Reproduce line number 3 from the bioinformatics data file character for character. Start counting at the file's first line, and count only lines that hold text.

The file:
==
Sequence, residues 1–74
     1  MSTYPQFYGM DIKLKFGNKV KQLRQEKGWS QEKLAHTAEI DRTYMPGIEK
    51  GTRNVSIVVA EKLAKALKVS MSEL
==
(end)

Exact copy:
    51  GTRNVSIVVA EKLAKALKVS MSEL